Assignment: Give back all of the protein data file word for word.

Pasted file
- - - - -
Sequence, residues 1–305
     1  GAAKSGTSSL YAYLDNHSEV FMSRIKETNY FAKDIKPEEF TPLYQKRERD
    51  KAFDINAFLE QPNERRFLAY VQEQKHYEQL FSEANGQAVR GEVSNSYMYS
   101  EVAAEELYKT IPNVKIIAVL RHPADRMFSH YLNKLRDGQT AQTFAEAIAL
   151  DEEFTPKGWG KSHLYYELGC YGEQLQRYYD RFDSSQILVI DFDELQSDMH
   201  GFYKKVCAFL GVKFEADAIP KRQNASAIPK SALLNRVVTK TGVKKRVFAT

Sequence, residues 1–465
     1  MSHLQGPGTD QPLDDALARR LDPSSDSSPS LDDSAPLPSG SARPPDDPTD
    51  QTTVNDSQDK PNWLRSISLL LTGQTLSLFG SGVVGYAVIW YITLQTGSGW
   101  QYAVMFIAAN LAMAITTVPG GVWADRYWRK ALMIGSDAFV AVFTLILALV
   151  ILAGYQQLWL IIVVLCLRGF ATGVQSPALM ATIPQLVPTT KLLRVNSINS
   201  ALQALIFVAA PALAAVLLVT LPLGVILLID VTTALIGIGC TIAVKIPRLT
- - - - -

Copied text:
Sequence, residues 1–305
     1  GAAKSGTSSL YAYLDNHSEV FMSRIKETNY FAKDIKPEEF TPLYQKRERD
    51  KAFDINAFLE QPNERRFLAY VQEQKHYEQL FSEANGQAVR GEVSNSYMYS
   101  EVAAEELYKT IPNVKIIAVL RHPADRMFSH YLNKLRDGQT AQTFAEAIAL
   151  DEEFTPKGWG KSHLYYELGC YGEQLQRYYD RFDSSQILVI DFDELQSDMH
   201  GFYKKVCAFL GVKFEADAIP KRQNASAIPK SALLNRVVTK TGVKKRVFAT

Sequence, residues 1–465
     1  MSHLQGPGTD QPLDDALARR LDPSSDSSPS LDDSAPLPSG SARPPDDPTD
    51  QTTVNDSQDK PNWLRSISLL LTGQTLSLFG SGVVGYAVIW YITLQTGSGW
   101  QYAVMFIAAN LAMAITTVPG GVWADRYWRK ALMIGSDAFV AVFTLILALV
   151  ILAGYQQLWL IIVVLCLRGF ATGVQSPALM ATIPQLVPTT KLLRVNSINS
   201  ALQALIFVAA PALAAVLLVT LPLGVILLID VTTALIGIGC TIAVKIPRLT